Call Number: GE180 .F569 2013
Publication Date: 2013
The Origins of the Syrian Conflict by Does climate change cause conflict? Did it cause the Syrian uprising? Some policymakers and academics have made this claim, but is it true? This study presents a new conceptual framework to evaluate this claim. Contributing to scholarship in the fields of critical security, environmental security, human security, and Arab politics, Marwa Daoudy prioritizes non-Western and marginalized perspectives to make sense of Syria's place in this international debate. Designing an innovative multidisciplinary framework and applying it to the Syrian case, Daoudy uses extensive field research and her own personal background as a Syrian scholar to present primary interviews with Syrian government officials and citizens, as well as the research of domestic Syrian experts, to provide a unique insight into Syria's environmental, economic and social vulnerabilities leading up to the 2011 uprising.
Call Number: GE160.S95 D36 2020
Publication Date: 2020-03-26
Routledge Handbook of Environmental Conflict and Peacebuilding by The past two decades have witnessed the emergence of a large body of research examining the linkage between environmental scarcity, violent conflict, and cooperation. However, this environmental security polemic is still trying to deliver a well-defined approach to achieving peace. Studies are being undertaken to find the precise pathways by which cooperative actions are expected not only to pre-empt or moderate resource conflicts but also to help diffuse cooperative behaviour to other disputed issues. The recognition that environmental resources can contribute to violent conflict accentuates their potential significance as pathways for cooperation and the consolidation of peace in post-conflict societies. Conceived as a single and reliable reference source which will be a vital resource for students, researchers, and policy makers alike, the Routledge Handbook of Environmental Conflict and Peacebuilding presents a wide range of chapters written by key thinkers in the field, organised into four key parts: Part I: Review of the concept and theories; Part II: Review of thematic approaches (resources, scarcity, intervention, adaptation, and peacebuilding); Part III: Case studies (Middle East, Iraq, Jordan, Liberia, Nepal, Colombia, Philippines); Part IV: Analytical challenges and future-oriented perspectives. Enabling the reader to find a concise expert review on topics that are most likely to arise in the course of conducting research or policy making, this volume presents a truly global overview of the key issues and debates in environmental conflict and peacebuilding.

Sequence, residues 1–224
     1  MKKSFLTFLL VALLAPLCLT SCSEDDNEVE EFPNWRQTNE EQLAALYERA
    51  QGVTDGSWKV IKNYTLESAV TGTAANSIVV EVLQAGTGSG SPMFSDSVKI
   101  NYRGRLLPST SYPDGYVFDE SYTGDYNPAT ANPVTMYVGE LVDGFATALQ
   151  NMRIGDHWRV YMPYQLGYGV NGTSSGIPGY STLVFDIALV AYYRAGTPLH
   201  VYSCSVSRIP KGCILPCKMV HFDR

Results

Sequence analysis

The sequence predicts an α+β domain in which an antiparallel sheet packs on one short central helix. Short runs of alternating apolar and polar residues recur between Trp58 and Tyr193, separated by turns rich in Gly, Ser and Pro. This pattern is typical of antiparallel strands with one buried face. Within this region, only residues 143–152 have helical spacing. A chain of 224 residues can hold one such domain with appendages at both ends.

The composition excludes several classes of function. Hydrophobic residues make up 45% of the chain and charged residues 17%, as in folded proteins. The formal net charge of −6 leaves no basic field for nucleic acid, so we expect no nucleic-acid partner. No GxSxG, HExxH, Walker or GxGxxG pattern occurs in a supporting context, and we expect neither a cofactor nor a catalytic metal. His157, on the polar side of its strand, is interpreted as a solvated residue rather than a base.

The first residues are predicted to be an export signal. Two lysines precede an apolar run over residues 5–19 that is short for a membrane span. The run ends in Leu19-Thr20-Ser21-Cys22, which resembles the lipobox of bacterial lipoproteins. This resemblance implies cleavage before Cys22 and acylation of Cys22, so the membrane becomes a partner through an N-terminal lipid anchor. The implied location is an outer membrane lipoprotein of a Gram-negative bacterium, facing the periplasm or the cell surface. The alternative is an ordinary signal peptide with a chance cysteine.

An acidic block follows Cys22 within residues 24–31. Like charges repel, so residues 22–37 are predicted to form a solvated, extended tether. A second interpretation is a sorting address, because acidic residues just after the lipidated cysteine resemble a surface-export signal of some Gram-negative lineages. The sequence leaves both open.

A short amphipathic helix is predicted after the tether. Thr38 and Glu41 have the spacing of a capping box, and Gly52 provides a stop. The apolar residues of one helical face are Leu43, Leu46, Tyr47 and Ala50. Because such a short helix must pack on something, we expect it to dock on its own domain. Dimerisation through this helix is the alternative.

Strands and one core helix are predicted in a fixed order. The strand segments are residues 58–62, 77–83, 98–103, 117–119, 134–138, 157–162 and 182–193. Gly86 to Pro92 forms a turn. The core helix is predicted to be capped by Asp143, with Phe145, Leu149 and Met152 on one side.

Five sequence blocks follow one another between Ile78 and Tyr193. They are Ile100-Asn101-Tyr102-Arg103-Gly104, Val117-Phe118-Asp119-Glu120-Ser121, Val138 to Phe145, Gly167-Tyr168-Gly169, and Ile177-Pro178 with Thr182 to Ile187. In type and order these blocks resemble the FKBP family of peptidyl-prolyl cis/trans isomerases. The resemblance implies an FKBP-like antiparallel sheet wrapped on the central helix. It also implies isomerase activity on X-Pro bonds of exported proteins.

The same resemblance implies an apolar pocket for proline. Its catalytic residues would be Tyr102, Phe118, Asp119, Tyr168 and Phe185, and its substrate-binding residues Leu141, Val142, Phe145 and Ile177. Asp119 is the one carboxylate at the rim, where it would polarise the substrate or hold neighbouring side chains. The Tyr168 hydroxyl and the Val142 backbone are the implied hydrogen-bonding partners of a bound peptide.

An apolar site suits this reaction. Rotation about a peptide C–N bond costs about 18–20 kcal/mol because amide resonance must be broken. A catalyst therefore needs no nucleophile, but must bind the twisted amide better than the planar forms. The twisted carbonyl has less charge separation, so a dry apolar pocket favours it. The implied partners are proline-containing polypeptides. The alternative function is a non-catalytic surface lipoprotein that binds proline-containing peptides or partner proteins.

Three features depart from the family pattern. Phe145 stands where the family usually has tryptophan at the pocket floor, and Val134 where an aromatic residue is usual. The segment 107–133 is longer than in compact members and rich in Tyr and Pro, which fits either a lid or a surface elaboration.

Call Number: JZ1324 .R68 2018
Publication Date: 2018